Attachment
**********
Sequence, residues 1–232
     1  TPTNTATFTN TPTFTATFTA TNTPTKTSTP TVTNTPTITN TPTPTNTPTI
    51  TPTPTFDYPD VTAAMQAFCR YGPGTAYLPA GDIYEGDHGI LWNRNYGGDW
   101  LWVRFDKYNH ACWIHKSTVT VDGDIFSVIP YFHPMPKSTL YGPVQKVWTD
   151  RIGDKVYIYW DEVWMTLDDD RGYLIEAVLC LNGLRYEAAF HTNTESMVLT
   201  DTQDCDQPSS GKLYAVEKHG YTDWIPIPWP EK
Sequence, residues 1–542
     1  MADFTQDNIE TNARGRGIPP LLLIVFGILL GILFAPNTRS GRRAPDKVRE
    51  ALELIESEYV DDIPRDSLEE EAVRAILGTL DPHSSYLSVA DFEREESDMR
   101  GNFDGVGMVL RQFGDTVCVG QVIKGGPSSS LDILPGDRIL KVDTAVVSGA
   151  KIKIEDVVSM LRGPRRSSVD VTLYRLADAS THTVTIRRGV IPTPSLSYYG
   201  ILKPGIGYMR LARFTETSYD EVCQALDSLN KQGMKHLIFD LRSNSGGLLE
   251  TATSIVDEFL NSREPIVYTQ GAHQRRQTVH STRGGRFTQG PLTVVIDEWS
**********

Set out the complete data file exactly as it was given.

Sequence, residues 1–232
     1  TPTNTATFTN TPTFTATFTA TNTPTKTSTP TVTNTPTITN TPTPTNTPTI
    51  TPTPTFDYPD VTAAMQAFCR YGPGTAYLPA GDIYEGDHGI LWNRNYGGDW
   101  LWVRFDKYNH ACWIHKSTVT VDGDIFSVIP YFHPMPKSTL YGPVQKVWTD
   151  RIGDKVYIYW DEVWMTLDDD RGYLIEAVLC LNGLRYEAAF HTNTESMVLT
   201  DTQDCDQPSS GKLYAVEKHG YTDWIPIPWP EK
Sequence, residues 1–542
     1  MADFTQDNIE TNARGRGIPP LLLIVFGILL GILFAPNTRS GRRAPDKVRE
    51  ALELIESEYV DDIPRDSLEE EAVRAILGTL DPHSSYLSVA DFEREESDMR
   101  GNFDGVGMVL RQFGDTVCVG QVIKGGPSSS LDILPGDRIL KVDTAVVSGA
   151  KIKIEDVVSM LRGPRRSSVD VTLYRLADAS THTVTIRRGV IPTPSLSYYG
   201  ILKPGIGYMR LARFTETSYD EVCQALDSLN KQGMKHLIFD LRSNSGGLLE
   251  TATSIVDEFL NSREPIVYTQ GAHQRRQTVH STRGGRFTQG PLTVVIDEWS